Second Minsk accords: Putin forces his terms on the West

Whether the new Minsk accords are fully or partially implemented, or not implemented at all, Russia has nothing to lose and much to gain.

Vladimir Putin (photo credit: MARC ISRAEL SELLEM/THE JERUSALEM POST)
Vladimir Putin
After 16-hour-long talks Russian President Vladimir Putin looked surprisingly energetic, even joyful. No wonder – he got almost everything he wanted, maybe everything. The new Minsk accords are extremely flimsy, vague and difficult to implement – but if implemented clearly favor the Russians. If not, Russia has nothing to lose.
Judging by the published agreement, the break-away republics should remain part of Ukraine, but will retain de-facto political independence from Kiev along with heavy dependence on Moscow’s patronage. Russia is freed of the economic burden of supporting the two republics and shifts the responsibility for social payments and the reconstruction of the ruined cities onto the struggling Ukrainian budget. Accordingly, Moscow will gain long-desired influence on Ukraine’s domestic politics and a de-facto veto on its alignment with the West, without having to bear any financial responsibility.
As long as the break-away republics keep their military forces, Ukrainian territorial and political integrity remain illusionary. Formally, Ukrainians should regain control over the Donetsk People’s Republic (DNR) and Lugansk People’s Republic (LNR) borders with Russia, which will disconnect the republics from any outside support.
This is a key issue in accords’ implementation, but currently a nearly infeasible goal.
Moreover, the suggested cease-fire arrangements potentially favor the LNR and DNR armed forces in case the truce collapses. The agreement provides for the creation of a no-heavy-weapons zone around the current engagement line, but because separatist forces’ superiority over the Ukrainian army is leveled only by Ukrainian artillery, excluding it from the engagement zone will give the separatists a significant advantage.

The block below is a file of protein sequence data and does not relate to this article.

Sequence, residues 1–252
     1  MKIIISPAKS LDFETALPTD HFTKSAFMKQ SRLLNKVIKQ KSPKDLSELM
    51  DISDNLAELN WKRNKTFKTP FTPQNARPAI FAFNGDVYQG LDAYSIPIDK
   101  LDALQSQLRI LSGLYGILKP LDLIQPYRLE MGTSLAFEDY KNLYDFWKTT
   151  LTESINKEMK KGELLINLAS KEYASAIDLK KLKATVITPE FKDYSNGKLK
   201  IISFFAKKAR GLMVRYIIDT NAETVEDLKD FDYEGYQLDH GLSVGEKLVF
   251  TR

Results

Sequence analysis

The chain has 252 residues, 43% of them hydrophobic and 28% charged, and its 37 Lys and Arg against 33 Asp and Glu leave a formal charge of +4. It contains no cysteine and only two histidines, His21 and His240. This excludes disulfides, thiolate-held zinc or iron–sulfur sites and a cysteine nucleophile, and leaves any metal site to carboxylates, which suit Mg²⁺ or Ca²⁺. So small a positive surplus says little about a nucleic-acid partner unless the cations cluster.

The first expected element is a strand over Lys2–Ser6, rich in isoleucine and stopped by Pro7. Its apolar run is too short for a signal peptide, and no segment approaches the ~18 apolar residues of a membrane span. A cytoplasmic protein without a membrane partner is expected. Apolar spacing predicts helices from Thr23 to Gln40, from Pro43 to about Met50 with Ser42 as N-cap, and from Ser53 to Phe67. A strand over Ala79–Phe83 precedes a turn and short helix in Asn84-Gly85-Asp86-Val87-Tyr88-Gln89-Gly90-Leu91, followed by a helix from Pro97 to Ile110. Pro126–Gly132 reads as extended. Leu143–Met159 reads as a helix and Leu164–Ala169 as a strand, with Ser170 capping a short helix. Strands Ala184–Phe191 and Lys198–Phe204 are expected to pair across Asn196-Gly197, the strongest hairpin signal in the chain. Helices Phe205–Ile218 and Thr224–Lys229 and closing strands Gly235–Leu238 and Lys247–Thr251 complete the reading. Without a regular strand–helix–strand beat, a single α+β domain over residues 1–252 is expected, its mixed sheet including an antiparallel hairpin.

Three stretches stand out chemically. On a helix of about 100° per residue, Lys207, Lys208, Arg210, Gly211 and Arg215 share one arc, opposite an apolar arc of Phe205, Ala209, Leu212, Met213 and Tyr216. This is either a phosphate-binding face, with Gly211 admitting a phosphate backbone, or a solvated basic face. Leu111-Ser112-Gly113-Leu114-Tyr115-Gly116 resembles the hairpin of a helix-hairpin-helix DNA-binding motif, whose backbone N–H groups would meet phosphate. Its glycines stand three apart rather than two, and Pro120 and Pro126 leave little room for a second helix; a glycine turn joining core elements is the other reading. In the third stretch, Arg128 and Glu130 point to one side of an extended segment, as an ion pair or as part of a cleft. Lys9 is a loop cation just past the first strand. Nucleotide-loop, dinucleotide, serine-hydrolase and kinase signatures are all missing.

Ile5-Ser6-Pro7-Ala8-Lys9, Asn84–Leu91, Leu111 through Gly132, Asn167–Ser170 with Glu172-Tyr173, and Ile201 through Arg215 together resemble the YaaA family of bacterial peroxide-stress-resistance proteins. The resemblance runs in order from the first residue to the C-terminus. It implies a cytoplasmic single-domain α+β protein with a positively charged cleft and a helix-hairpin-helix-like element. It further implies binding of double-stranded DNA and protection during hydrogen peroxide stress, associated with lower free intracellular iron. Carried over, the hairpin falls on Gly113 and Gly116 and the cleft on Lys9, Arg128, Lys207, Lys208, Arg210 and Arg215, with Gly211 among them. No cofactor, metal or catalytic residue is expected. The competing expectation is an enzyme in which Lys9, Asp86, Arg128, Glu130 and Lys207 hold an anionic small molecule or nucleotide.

Significantly, it seems Putin managed to displace the Crimea issue from the international agenda, and from the general context of the Ukrainian crisis. At least for now, he has managed to change the terms of the deal on Ukraine by cutting Crimea out of the equation.
The current Russia-West deal looks like “peace in Europe” and “formal integrity of the Ukrainian state” for Novorossiya’s autonomy, and possibly normalization of Russia-West relations. Although the Minsk agreements do not mention anti-Russian economic sanctions, it is plausible the issue was an informal part of the deal, and in upcoming days we will see if this is indeed the case.
Whether the new Minsk accords are fully or partially implemented, or not implemented at all, Russia has nothing to lose and much to gain. It has preserved all its leverage vehicles, and improved its international image. If the accords are successful Russia may achieve its main geopolitical goals and even reduce the economic price it has to pay for them. Importantly, to maintain the current terms of the deal, Russia will struggle to preserve the two break-away republics as a constant political and military threat to Ukraine.
The author is a postdoctoral Scholar in The University of Manchester and a founding member at the Israeli Center for Russian and Eurasian Studies (ICRES).